But the team is also stronger, not to mention bigger, than last year’s Energen squad.
“In every position, meron kaming player unlike last year na gipit kami sa bigs,” said Racela. “Ngayon, meron in every position, although meron pa ring players na pwede sana kunin, na hindi pinayagan.”
“Considering all those things that happened, this is a good team.”
But before they can even get a shot at teams like China, Racela knows they’ll have their hands full of the three Group D teams including Iran, which is reportedly pouring a lot of resources into their youth program. Energen Pilipinas is set to open its campaign against Saudi Arabia on Friday in a game that Racela knows is extremely important.
“Feeling ko if there’s one game we are expected to win, Saudi yun. If you win that qualified ka na agad eh. Kasi ang mag-ka-qualify tatlo eh,” said Racela. “Very crucial ang first game.”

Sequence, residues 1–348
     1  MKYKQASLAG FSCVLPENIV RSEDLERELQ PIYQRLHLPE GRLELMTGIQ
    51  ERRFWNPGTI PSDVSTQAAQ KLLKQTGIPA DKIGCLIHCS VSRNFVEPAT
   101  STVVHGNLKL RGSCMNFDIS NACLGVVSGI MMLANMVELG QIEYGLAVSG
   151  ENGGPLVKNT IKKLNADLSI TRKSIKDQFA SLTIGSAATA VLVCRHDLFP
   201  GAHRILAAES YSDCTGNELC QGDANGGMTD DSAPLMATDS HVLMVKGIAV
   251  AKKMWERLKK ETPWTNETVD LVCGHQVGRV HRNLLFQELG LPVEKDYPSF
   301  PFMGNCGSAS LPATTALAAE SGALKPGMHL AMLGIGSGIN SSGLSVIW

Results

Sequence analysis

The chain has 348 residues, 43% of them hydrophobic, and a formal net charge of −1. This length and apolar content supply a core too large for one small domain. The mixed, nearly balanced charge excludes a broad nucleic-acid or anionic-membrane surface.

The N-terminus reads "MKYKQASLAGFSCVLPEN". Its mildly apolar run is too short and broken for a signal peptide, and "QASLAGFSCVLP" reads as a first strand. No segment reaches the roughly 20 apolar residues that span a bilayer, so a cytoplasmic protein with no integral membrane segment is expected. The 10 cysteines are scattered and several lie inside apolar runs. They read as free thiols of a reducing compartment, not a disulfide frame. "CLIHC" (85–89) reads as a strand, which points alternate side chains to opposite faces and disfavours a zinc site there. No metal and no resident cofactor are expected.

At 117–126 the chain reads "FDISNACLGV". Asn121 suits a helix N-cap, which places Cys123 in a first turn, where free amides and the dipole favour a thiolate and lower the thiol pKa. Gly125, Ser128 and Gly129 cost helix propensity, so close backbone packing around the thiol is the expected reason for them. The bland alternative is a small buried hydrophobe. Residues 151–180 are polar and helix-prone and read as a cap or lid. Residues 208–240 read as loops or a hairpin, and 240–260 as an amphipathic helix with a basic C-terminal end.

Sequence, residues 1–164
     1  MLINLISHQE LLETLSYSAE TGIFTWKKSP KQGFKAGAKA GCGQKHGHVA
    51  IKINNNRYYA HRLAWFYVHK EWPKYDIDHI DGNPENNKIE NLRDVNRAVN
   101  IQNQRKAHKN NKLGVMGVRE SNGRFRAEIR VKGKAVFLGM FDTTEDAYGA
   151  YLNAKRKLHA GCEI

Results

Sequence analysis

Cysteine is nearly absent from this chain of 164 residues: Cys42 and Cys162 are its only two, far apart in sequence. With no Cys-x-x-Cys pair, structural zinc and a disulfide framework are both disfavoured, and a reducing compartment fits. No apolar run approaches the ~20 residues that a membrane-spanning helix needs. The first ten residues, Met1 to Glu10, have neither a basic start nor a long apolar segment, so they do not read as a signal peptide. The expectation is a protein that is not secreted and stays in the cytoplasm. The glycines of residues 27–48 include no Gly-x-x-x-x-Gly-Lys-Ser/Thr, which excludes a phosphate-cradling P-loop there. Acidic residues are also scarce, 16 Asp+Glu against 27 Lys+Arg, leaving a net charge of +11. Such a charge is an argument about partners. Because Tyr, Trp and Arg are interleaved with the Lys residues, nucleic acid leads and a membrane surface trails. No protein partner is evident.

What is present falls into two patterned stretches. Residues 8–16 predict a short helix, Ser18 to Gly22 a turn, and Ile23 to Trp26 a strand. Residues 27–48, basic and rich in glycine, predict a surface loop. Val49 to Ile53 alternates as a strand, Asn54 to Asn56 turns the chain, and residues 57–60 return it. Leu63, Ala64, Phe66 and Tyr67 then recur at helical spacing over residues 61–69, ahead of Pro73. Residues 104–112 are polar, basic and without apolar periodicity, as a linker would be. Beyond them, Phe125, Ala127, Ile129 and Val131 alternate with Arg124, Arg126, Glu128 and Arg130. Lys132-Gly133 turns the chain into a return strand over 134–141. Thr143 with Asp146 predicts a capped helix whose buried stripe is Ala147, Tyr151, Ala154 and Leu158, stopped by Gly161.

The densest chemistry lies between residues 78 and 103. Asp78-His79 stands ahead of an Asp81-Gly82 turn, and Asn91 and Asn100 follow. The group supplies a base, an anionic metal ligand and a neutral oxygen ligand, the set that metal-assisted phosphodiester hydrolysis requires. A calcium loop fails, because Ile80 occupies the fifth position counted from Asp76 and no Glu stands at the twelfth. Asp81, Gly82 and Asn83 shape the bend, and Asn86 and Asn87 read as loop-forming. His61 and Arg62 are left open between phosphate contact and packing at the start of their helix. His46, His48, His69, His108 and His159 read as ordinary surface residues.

They then face Kazakhstan on Saturday before closing the preliminary round against Iran on Sunday. The top three teams move on to the second round where they will face the three qualifiers of Group C, which is composed of Chinese Taipei, Bahrain, Indonesia and Mongolia.
The top four teams from their second round group move onto the quarterfinals.
“Main problem namin is familiarity sa isa’t isa, yun yung nakuha namin last year sa 16-and-under because nine months kami magkakasama,” said Racela. “That summer, talagang doon kami nag-focus, nakapag-practice kami everyday. Itong grupo na ito, wala talaga. Late na talaga kami nag-start.”
“Kaya umaasa ako sa mga holdovers sa 16-and-under.”
There are only four holdovers from last year’s FIBA Asia Under-16 team — Cani, big man Jay Javelosa and team captains J-Jay Alejandro and Prince Rivero.
Rey Nambatac, Mark Olayon, Mario Bonleon, Kent Lao and Kyle Suarez were all part of the SEABA title campaign last June, and they also get a boost with new members Pingoy, Kris Porter and the returning G-Boy Babilonia.